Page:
The first time I had chilly paneer, would you believe it, was at a dinner party my parents had hosted at home. My mother found a recipe for it in an old Tarla Dalal cookbook, and using it as a guideline, whipped it up to rave reviews.
Ironically, neither parent of mine remembers just how good this tasted. And because my mother used the recipe only as a guideline and not gospel truth, subsequent attempts by me where I followed the recipe word for word, had not resulted in that scintillating addiction that I remembered.
Until now. Until, like my mother, I decided to trust my taste buds more than the printed word and let my tongue lead the way. Unlike my mother, however, this time, I got around to writing down the recipe so that I wouldn’t have to sacrifice any more paneer to the food gods, and instead satiate my cravings.
Ingredients (serves 2)
1 capsicum, cut into cubes
1 packet paneer (cottage cheese), cut into cubes (500 grams)
1/2 cup of cornflour
1 medium red onion, cut in eighths
4 tbsp oil
4-5 garlic cloves, crushed and chopped
1 inch ginger, crushed and chopped
2 green chillies, sliced at an angle (mostly so that they’re easier to spot when you’re eating and you’re mentally prepared for the slap of heat)
2 tbsp pepper powder
2 tbsp soy sauce
1 tbsp vinegar
1 tbsp sugar
1/4 cup water
salt to taste
1 sprig of spring onions, chopped (optional)
- Chop everything. I cannot emphasise this enough. It’s important to get all your prep out of the way because this recipe cooks very fast and if you overcook it, it loses texture and flavour.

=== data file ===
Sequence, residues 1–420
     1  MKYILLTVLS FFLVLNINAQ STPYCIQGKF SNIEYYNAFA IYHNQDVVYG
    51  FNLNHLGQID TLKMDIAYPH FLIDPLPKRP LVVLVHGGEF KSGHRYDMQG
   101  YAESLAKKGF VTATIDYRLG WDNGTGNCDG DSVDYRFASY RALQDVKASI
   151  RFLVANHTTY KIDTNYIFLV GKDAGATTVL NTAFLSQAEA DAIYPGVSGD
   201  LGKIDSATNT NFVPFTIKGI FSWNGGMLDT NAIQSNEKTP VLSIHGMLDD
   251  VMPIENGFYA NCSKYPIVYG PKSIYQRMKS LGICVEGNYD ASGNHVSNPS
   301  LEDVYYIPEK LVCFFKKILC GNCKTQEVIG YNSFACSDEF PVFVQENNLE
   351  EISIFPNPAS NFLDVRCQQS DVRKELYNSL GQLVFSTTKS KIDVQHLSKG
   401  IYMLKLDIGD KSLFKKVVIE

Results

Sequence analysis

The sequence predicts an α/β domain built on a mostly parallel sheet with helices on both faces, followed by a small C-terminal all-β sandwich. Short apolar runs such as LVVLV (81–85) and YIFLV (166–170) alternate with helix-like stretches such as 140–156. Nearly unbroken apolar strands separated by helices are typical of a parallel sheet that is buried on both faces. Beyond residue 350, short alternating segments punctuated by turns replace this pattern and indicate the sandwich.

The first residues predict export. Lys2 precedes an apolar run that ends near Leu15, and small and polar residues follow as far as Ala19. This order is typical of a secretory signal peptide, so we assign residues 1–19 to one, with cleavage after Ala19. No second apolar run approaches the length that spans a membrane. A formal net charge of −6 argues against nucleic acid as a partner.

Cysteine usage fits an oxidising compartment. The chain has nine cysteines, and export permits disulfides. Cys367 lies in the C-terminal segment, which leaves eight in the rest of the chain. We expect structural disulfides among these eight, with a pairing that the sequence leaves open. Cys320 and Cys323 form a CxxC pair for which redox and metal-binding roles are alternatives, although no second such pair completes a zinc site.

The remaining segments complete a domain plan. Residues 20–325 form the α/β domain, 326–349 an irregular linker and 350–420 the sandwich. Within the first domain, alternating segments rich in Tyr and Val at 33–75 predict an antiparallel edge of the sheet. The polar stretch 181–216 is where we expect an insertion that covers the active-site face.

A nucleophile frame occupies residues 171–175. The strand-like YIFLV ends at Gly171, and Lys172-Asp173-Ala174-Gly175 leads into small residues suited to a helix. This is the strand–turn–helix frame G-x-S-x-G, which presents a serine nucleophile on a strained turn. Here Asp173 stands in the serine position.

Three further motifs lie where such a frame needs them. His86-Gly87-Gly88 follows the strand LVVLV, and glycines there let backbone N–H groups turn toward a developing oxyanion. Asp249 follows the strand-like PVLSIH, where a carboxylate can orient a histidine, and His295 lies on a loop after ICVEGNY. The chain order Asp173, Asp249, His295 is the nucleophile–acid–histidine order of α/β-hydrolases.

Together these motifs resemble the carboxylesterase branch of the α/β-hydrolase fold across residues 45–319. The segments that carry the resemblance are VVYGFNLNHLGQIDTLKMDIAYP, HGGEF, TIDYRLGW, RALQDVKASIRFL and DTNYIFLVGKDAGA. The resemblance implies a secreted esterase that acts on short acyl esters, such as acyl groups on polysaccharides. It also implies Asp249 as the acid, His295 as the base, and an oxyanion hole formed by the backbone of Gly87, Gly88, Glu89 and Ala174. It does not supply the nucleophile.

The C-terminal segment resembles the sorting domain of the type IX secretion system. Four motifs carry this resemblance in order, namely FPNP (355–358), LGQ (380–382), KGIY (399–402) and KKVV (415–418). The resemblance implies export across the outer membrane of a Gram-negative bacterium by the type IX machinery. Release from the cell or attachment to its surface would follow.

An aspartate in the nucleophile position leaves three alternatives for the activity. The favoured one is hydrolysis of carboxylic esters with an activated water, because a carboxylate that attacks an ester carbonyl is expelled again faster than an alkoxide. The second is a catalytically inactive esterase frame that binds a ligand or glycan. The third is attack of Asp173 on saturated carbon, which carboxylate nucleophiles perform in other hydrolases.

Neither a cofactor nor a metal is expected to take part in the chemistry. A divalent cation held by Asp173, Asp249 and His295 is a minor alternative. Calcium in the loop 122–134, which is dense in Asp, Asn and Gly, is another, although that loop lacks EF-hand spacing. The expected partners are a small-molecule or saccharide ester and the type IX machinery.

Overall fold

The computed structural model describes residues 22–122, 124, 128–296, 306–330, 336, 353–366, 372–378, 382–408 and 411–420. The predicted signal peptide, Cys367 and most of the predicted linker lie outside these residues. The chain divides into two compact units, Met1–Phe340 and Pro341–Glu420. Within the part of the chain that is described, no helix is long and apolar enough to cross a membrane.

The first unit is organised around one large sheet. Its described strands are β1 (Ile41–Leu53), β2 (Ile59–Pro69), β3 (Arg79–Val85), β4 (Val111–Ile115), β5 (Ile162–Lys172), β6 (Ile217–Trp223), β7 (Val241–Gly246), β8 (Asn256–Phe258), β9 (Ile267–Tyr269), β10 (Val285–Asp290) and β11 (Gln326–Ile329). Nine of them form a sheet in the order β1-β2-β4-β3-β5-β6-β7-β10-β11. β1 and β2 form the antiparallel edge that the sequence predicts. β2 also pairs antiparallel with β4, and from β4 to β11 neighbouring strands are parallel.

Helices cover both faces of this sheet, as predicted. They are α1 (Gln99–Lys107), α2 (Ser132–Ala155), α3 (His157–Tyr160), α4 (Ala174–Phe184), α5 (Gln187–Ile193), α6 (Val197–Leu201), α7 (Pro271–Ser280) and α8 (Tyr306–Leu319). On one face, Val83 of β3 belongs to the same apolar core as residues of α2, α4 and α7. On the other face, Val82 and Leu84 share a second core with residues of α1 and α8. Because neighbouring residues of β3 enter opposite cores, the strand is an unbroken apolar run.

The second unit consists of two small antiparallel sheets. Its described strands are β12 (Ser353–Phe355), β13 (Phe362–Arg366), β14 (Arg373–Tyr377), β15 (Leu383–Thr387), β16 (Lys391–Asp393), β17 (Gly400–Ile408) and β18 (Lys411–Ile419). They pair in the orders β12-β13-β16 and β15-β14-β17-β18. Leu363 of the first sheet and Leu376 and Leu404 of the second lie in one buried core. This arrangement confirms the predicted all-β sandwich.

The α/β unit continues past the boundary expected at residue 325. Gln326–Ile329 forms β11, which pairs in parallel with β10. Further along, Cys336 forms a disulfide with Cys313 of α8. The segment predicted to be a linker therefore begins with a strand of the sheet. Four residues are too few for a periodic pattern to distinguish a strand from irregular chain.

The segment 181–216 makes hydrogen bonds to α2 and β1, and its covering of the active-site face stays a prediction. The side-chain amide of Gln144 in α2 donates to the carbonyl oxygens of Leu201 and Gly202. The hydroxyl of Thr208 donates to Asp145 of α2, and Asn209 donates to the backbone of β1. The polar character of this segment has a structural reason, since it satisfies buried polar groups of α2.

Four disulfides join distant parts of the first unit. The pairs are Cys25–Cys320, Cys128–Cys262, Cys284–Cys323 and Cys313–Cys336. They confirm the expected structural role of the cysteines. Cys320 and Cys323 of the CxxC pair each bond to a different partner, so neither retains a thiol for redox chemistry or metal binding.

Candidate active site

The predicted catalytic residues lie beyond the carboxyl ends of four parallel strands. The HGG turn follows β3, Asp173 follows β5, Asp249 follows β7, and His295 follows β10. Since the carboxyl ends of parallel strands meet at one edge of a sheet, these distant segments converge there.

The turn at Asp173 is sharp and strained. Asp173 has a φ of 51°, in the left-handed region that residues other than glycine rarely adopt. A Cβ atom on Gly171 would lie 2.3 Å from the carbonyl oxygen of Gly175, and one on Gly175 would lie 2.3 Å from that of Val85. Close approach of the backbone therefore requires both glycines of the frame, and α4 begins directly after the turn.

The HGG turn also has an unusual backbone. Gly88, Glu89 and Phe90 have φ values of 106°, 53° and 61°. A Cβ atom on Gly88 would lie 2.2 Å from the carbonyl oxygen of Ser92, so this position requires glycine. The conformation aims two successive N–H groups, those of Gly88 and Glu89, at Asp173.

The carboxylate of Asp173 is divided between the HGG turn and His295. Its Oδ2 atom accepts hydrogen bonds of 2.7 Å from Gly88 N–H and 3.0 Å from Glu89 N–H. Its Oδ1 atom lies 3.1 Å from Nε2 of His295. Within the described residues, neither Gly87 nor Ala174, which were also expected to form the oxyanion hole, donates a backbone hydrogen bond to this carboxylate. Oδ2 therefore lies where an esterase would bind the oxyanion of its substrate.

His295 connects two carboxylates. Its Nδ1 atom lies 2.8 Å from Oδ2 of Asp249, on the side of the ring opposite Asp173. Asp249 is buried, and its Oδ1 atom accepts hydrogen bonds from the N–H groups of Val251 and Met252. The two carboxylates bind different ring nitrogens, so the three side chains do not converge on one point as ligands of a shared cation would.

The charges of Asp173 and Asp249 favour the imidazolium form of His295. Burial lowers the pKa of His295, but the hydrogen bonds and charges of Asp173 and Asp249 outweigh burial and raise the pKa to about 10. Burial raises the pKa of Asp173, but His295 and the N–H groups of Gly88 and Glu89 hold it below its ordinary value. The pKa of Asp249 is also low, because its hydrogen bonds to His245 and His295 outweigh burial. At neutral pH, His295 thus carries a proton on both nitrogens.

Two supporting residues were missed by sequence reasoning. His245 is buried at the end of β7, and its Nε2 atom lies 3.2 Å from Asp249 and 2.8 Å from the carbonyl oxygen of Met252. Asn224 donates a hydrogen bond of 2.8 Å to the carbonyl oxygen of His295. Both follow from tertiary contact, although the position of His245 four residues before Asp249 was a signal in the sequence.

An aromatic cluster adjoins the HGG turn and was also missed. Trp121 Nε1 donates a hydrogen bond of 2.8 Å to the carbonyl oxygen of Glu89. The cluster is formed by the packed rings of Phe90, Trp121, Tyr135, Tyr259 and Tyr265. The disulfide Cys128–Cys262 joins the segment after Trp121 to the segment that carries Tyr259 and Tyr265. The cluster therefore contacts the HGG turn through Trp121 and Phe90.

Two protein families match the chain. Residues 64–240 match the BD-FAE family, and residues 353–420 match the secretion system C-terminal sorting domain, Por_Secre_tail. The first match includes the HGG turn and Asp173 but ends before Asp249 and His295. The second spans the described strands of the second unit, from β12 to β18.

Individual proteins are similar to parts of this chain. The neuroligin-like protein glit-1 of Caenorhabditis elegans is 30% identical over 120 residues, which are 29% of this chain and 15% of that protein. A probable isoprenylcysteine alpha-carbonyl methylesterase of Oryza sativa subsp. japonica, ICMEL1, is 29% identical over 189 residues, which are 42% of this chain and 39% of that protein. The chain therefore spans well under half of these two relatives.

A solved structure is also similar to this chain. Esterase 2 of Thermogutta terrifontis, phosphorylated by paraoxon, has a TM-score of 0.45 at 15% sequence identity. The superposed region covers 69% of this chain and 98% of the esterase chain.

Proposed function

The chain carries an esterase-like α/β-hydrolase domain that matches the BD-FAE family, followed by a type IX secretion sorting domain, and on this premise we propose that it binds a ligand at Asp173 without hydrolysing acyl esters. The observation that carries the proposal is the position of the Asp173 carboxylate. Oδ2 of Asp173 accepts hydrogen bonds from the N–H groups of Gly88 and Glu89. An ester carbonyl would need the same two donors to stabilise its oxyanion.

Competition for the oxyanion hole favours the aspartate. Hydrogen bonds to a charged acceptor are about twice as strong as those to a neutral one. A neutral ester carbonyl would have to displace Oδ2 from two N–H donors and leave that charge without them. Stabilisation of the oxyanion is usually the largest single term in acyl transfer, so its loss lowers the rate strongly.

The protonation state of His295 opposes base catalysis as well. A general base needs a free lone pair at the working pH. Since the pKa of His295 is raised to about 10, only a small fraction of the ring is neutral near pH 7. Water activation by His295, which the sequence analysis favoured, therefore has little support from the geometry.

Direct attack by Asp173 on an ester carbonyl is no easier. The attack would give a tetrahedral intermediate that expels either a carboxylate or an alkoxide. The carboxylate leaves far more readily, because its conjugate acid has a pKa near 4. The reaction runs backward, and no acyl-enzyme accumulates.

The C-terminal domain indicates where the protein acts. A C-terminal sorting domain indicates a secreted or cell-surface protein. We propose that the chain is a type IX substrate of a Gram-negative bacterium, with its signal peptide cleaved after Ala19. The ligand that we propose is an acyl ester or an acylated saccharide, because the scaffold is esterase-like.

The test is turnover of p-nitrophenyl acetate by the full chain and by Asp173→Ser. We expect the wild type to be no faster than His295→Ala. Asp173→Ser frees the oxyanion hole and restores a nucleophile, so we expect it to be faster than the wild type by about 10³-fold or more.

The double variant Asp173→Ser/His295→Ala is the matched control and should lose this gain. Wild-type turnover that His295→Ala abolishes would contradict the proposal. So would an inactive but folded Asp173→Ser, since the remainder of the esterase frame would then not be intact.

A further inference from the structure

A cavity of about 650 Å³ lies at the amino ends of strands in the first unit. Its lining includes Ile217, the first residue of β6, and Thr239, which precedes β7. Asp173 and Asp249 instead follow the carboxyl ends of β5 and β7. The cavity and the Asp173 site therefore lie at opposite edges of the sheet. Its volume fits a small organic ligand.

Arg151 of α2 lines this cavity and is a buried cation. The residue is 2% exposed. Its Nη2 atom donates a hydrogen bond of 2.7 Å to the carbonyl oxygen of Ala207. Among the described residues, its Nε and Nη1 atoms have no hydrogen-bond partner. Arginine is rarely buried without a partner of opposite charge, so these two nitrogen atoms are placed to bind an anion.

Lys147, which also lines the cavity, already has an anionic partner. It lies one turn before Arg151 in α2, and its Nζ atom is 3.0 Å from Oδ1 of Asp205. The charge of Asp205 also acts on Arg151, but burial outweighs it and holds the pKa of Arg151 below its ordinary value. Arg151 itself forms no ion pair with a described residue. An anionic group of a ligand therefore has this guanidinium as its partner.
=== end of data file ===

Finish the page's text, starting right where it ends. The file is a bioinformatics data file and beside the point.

- Roll the chopped paneer in the cornflour until every cube is coated well. There’s no need to add in any water because fresh paneer is moist enough to hold the flour around it.
- As you roll your paneer around in the flour, heat the oil in the kadhai on high heat. Mix the leftover cornflour with the water and set aside.
- When the oil is hot enough, fry the coated paneer in the oil until it turns golden brown. Set it aside on some paper napkins to drain the excess oil out.
- Once all the paneer is fried and set aside, add in the ginger, garlic and green chillies. Lower the heat to medium and fry until the garlic softens.
- Add the soy sauce, vinegar, pepper powder and sugar and mix until the sugar dissolves.
- Toss in the capsicum, onions and fried paneer and mix well until everything is coated.
- Add in the water and cornflour mixture and mix well until the sauce thickens. Add salt to taste, garnish with the chopped spring onions, if you’re using them and serve.
This recipe works without the cornflour as well. You will still need to fry the paneer until it turns a light yellow. Don’t let it brown, because paneer tends to get chewy when fried. Use fresh paneer and check the manufacturing date when you’re buying it!
As a substitute to the cornflour, you can use regular flour or maida to fry the paneer. However, when mixing with water, increase the quantity of water so that you get a very loose watery consistency.
When mixing the capsicum and onions into the kadhai, don’t let the capsicums become soft. It’s important to retain that crunch of the capsicum for maximum flavour.
You can substitute the pepper powder with chilli flakes for a hotter spice (you must sure love your heat if you opt in for this!).
This goes great with Fried Rice.
You can follow this recipe and substitute the paneer for cubed and boiled chicken breasts for chilly chicken! Or even go in for seafood or dark meat. Anything you prefer, really (except eggs, don’t experiment with scrambled eggs, it turned rubbery and most unpalatable). Let your tongue guide you!